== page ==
Nice Guys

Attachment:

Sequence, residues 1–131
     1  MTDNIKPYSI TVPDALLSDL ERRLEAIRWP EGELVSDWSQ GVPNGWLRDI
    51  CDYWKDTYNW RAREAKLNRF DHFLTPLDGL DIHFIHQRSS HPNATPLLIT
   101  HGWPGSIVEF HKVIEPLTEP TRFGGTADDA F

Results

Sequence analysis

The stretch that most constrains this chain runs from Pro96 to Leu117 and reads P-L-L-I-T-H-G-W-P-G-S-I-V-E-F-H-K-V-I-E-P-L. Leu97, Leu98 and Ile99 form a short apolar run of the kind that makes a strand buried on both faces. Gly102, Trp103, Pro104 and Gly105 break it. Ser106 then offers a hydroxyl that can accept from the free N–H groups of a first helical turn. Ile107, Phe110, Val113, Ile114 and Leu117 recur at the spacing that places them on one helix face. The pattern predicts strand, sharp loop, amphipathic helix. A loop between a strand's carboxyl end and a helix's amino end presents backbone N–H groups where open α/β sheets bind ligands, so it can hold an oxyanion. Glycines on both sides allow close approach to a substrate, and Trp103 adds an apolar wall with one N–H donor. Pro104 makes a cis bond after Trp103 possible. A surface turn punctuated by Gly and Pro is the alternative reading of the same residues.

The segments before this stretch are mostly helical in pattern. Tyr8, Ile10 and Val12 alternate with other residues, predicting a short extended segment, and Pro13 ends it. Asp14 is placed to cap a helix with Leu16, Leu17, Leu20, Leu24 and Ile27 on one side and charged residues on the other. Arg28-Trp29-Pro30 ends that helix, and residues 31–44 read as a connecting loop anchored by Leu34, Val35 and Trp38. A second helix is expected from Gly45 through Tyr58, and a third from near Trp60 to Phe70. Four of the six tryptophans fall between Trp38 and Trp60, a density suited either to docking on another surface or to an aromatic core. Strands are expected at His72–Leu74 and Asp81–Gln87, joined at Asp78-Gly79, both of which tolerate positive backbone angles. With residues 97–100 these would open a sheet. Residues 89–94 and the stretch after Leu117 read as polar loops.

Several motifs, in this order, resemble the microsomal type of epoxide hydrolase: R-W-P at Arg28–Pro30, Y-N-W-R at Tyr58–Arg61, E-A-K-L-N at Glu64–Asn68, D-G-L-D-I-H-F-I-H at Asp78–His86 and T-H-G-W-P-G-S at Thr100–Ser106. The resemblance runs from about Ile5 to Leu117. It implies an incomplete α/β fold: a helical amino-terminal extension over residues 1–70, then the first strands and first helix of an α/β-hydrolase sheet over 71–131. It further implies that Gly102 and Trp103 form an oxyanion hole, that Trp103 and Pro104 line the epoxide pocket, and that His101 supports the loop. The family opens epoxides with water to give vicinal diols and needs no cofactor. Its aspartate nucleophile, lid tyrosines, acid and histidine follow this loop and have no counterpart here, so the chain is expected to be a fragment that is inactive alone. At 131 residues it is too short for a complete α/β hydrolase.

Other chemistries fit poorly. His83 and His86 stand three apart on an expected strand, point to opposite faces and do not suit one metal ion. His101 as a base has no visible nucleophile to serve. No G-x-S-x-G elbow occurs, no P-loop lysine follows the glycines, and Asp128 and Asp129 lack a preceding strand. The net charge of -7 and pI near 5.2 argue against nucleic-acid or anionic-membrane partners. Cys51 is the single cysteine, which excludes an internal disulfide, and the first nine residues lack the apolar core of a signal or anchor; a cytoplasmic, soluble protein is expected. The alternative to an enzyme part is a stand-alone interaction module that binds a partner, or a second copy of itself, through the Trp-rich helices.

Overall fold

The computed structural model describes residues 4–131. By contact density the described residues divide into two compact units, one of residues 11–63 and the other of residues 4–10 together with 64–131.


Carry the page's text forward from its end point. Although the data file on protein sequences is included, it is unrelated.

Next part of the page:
Brimming with slapstick, Byzantine machinations, and sex-obsessed burnouts, Shane Black’s The Nice Guys is a mutant of a film. An 80s buddy action-comedy in 70s dress, using modern, digitally-recreated L.A. skyline, the period trappings are both vivid and flat. This artificiality belies the fact the movie is about something more than its subject. It’s not simply how the neo-noir plotline–a missing persons case where barely-competent PI Holland March (Ryan Gosling) and wannabe do-gooder/thug-for-hire Jackson Healy (Russell Crowe) cross paths looking for a hyper-paranoid, rebellious girl–explodes every which way, roping in the porn industry, hitmen, the Big Three automakers, and government collusion. Black’s script bleeds dramatic irony and surrounding texture: references abound to smog, suffocating birds, and killer bees, a prelude to our modern sense of environmental doom. A Justice Department heavy monologues, “What is good for Detroit is good for America.” The image of Richard Nixon, that enduring symbol of power escaping accountability, recurs both bombastically (as a vulgar hallucination) and subtly (on a magazine during a bathroom stall skit, covering up Gosling’s tricky dick). Everyone makes predictions about the future we know are incorrect. March and Healy (and March’s spunky, foul-mouthed daughter Holly, played by Angourie Rice) aren’t experts, dismantling the conspiracy through brawn or intellect. They bungle their way through (March especially, distracted either by booze or women, if not both)–good enough, but incapable of dealing any decisive blow to the responsible, behind-the-scenes figures.